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Visualising Changes between Book Editions Using Juxta Commons
by Richard Bellis

Examining the changes an author has made between the first and second edition of their book can provide historians with important insights into the development of a work after its initial publication. We might be able to discern intellectual development in the work, or to see responses by the author to criticisms the book received from its reviewers. Alternatively, a book with few changes might indicate happiness with the content, but a desire to improve on the work’s presentation. Whatever the change, the fact that there are changes demonstrates to the historian that the author continued to engage with their work after its first publication.

So, how can historians find such changes? Generations of historians had to rely on simply reading the first and second editions (and so on) and comparing them through whatever method they thought best. Such was my initial work in comparing the first and second editions of Matthew Baillie’s The Morbid Anatomy of Some of the Most Important Body, published in 1793 and 1797 respectively. I put digitally available copies (on archive.org) of each edition side by side on my computer screen and tried to compare them line by line, but soon gave up—there was too much to look at, there had to be a better way.

Happily, there is. A few months later—having put the comparison of the editions very much on the back burner—I was introduced to a piece of software called Juxta Commons at the Digital Humanities Travelling Roadshow hosted by Bath Spa University in 2018. A free, open-source tool, Juxta Commons allows users to compare various editions of texts online, providing users with visualisations of the differences between texts. To me, this sounded perfect, and I immediately set about using it to compare the first and second editions of Baillie’s book, as I had briefly attempted a few months earlier. All I had to do was set up an account, locate text-only versions (XML or TXT) of the books (which in this case are available on archive.org), input them, and let the software get to work. With the software having to compare two books, it took quite a long time to render, and I was worried that it might be too much information for it to cope with, but after about half an hour it was ready to look at. Here are a few of the things I found:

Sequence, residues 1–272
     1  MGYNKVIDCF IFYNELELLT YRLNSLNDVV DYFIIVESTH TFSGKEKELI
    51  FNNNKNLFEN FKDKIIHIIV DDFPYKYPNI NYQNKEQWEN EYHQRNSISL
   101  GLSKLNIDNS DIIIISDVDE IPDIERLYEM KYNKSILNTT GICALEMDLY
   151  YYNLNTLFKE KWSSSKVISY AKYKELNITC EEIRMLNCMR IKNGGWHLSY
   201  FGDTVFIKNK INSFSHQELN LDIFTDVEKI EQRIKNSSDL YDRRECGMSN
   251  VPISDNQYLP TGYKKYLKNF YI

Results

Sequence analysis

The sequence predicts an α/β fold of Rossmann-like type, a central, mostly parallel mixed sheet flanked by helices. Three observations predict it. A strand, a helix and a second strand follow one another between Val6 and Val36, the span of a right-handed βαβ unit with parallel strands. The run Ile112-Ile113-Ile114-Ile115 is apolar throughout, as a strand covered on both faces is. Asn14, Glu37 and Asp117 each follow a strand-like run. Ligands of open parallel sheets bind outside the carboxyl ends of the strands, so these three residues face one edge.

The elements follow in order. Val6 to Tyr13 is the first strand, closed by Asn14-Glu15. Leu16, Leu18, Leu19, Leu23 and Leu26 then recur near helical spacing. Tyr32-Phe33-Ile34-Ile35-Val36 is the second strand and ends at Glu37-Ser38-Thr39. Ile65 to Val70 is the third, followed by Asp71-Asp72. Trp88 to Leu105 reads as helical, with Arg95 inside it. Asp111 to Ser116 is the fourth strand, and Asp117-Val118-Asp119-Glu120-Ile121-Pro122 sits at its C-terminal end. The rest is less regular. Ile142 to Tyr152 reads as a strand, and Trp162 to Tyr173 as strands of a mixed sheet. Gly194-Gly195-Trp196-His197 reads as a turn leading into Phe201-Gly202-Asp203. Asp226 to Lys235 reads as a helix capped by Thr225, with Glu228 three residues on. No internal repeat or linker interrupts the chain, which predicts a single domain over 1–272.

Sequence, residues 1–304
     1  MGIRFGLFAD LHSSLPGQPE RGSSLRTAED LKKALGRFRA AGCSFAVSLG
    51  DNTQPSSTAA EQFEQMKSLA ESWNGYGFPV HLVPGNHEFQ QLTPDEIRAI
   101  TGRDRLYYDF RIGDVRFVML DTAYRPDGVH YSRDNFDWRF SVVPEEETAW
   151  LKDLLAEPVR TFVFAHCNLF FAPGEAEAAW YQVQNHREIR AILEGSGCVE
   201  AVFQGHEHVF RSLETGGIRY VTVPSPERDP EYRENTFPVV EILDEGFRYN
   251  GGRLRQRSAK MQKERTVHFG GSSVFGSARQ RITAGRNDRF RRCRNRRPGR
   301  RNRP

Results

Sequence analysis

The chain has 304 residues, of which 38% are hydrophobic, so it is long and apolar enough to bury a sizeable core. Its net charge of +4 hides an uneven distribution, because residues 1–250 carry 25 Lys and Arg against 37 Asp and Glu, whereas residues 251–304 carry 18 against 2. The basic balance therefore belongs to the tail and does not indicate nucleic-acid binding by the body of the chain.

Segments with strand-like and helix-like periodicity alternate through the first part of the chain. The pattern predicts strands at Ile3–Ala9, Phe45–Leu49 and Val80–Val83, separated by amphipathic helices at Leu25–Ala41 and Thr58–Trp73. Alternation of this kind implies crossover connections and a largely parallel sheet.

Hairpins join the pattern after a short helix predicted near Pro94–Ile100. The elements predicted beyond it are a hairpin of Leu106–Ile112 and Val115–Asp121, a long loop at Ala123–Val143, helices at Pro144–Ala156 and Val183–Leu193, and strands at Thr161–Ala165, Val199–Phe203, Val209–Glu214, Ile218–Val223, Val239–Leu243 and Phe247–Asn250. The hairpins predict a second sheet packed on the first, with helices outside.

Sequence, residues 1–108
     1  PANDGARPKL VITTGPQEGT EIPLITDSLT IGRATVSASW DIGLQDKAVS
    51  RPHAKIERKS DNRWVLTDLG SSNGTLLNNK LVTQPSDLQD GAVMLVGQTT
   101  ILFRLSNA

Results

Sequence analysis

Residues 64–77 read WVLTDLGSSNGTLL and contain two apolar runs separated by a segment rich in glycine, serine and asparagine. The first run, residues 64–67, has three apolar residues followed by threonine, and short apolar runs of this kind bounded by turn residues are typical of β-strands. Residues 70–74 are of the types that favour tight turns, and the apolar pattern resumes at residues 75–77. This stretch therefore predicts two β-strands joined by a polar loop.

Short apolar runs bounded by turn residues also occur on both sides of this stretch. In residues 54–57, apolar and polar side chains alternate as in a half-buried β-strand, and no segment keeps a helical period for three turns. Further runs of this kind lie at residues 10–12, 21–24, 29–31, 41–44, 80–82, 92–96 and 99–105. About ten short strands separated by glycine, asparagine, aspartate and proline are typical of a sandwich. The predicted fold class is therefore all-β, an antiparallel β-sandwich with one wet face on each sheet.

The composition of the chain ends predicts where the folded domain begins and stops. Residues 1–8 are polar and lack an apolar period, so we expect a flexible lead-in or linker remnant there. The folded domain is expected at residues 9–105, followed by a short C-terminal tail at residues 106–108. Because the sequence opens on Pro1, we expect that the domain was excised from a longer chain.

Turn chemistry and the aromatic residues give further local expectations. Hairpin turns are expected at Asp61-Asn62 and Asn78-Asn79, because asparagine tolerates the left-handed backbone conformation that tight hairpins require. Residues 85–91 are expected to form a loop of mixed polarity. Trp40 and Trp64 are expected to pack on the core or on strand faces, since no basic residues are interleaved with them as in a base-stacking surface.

Presentational Changes

My favourite view is the ‘side-by-side view’, because both texts are viewable, with the differences between them highlighted. Here, this highlighted some presentational changes to Baillie’s introduction that I completely missed when attempting to compare them without the software. In his second edition, Baillie made his claims to aiding medicine through studying the anatomy of disease more decisive. For example, he changed the sentence: ‘When this has been done, it will be more likely to produce a successful inquiry after a proper method of treatment’, to the more confident: ‘When this has been done, it will be likely to produce a successful inquiry after the most proper method of treatment’ (emphasis mine). He made similar changes to the medical content of his work in the attempt at making his descriptions of diseased parts more precise and clearer.

New Additions

Baillie also added a huge amount of material to the work. Here the ‘Heat Map’ view shows the difference from the base text in a bar, and the ‘Histogram’ show both shows where those differences appear in the text.

On the ‘Heat Map’, the highlighted text is clickable, which produces a small ‘Witness Differences’ box, that visualises the specific difference in the text.

And the Histogram is clickable too, taking you to the part of the text that you have clicked on.

Using these various features, I was able to find the changes that Baillie made to Morbid Anatomy for the second edition very quickly. Not only were new sections and subheadings were made very obvious, those small edits to the phrasing and meaning of sentences that Baillie viewed as improving his work through making it clearer or more precise were highlighted, literally. This helped me to understand the long-term success of Baillie’s book. After its initial publication in 1793, Baillie’s work came under some heavy criticism. Critics were unsure of the usefulness of his publication to the practice of physicians, though they admitted that the descriptions of diseased parts were useful. Yet, Baillie’s work was something of a bestseller (by medical standards at least), going through five editions in Britain, three in America, and was translated into German, French, and Italian before his death in 1823. So, what changed?

In short, Baillie addressed the concerns of his critics, whilst retaining the original purpose of his publication. In his second edition, Baillie made the work more clearly useful to the physician’s practice by including descriptions of symptoms alongside his descriptions of diseased parts. At the same time, he worked to improve those descriptions of diseased parts, ensuring that his work remained as he wanted it to be.

For more on the changes between Baillie’s first and second editions (including some pretty mean reviews) see my publication in Notes and Records on the subject: “‘As to the plan of this work … we think Dr. Baillie has done wrong’: changing the study of disease through epistemic genre in Georgian Britain" For more on Juxta Commons, visit the site. It is well worth trying out if you’re interested in the changes between different editions of a text.